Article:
Poster Session P1.5 The Father’s Day 2002 severe weather outbreak across New York and Western New England

Monday, 4 October 2004
Thomas A. Wasula, NOAA/NWS, Albany, NY

Handout (2.4 MB)

On 16 June 2002, a significant severe weather outbreak occurred across the Northeast. This was the third major outbreak in three weeks across eastern New York and western New England during the 2002 severe weather season. Severe thunderstorms developed that produced large hail, strong winds and tornadoes. The tornadoes that developed in the Mohawk and Hudson River Valleys were F0's and F1's. A 500 hPa closed low that moved across the northern Great Lakes region on 15 June helped initiate the severe weather on Father’s day (16 June). The mid-level cold pool associated with the 500 hPa low sparked a second day of severe weather for eastern New York and western New England. Several large hail (greater than 1.9 cm) producing thunderstorms on Monday 17 June 2002 developed, as the trough continued moving east across the Northeast.

Convective initiation occurred early in the afternoon on 16 June with thunderstorms developing over central New York. Steep lapse rates, moderately high Convective Available Potential Energy’s (CAPE) and dewpoints coupled with a vigorous 500 hPa short wave trough helped trigger the convection. A 500 hPa southwesterly jet streak greater than 50 knots was moving across upstate New York and New England during this outbreak. Wind profiles from soundings across eastern New York and New England indicated the possibility of supercell thunderstorm development conducive for potential tornadoes. The tornado that developed in the mid-Hudson River Valley was associated with a well-defined supercell that formed in Dutchess County, New York and moved into Litchfield County, Connecticut.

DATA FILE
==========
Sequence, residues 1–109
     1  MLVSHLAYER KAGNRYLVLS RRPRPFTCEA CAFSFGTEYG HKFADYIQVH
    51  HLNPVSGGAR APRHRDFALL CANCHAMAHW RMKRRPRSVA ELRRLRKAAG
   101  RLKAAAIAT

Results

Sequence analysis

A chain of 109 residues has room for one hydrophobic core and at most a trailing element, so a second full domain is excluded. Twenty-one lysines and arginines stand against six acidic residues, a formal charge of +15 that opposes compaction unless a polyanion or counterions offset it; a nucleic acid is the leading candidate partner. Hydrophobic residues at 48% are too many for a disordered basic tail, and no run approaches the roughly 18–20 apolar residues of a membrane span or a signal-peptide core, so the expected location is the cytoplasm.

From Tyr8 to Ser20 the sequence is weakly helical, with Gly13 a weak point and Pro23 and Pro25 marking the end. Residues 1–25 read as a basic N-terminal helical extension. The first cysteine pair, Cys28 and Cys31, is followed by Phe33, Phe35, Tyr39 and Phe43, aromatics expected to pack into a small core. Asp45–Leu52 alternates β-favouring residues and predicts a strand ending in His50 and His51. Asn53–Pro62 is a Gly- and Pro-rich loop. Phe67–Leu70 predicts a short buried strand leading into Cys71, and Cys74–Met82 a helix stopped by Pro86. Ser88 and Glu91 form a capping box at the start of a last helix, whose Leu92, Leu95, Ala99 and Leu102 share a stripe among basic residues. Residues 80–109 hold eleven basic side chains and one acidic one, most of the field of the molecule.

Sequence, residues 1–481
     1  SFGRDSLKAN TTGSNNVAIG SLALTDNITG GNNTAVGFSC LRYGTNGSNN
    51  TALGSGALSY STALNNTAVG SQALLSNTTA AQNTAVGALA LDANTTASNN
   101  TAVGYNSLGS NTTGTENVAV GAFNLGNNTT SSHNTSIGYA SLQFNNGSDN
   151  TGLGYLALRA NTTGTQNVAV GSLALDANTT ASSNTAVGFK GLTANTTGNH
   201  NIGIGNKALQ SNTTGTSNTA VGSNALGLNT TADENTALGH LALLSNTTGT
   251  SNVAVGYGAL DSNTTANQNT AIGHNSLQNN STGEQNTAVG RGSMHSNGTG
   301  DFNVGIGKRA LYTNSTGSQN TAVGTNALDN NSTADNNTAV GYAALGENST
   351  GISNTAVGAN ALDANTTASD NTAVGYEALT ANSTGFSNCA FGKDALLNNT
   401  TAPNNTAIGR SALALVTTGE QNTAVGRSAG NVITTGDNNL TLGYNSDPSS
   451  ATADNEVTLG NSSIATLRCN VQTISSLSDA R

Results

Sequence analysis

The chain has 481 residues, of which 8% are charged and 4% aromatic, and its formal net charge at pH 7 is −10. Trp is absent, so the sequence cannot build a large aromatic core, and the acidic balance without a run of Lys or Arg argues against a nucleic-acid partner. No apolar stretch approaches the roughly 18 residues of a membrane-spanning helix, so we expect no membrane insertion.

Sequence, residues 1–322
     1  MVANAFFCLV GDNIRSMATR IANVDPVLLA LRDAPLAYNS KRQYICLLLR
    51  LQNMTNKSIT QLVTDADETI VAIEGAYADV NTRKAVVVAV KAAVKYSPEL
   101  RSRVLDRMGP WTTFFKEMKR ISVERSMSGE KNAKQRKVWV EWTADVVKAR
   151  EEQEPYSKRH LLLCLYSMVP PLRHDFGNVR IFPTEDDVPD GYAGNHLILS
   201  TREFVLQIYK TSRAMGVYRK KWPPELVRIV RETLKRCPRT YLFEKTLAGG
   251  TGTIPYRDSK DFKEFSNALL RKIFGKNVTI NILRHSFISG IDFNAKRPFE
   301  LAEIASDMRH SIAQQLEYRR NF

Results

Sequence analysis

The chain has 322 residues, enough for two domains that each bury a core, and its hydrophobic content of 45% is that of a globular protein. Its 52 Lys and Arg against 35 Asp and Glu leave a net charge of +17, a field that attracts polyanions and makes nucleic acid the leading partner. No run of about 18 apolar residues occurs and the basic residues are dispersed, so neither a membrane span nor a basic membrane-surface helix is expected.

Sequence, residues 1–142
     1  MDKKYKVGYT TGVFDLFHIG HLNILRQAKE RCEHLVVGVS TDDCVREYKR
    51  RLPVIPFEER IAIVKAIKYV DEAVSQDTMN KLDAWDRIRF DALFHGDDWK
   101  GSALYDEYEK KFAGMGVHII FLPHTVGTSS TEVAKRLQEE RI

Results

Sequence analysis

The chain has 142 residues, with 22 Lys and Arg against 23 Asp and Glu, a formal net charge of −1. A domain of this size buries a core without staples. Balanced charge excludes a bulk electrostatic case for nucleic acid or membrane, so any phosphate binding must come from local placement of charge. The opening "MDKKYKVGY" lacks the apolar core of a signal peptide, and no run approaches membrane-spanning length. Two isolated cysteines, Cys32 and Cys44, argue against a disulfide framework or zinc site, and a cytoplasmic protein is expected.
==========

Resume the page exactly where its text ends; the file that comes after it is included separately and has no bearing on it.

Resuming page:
This poster presentation will focus on an investigation of the evolution of the large-scale synoptic pattern associated with the severe weather outbreak, and the mesoscale environment that generated the convection. The role of jet streaks at various levels (lower and upper) will also be examined. Data used in this analysis will include ETA model grids, surface observations, upper air data, satellite imagery, and WSR-88D radar data. The operational forecast challenges of 500 hPa closed lows across the Northeast will also be addressed in the poster.

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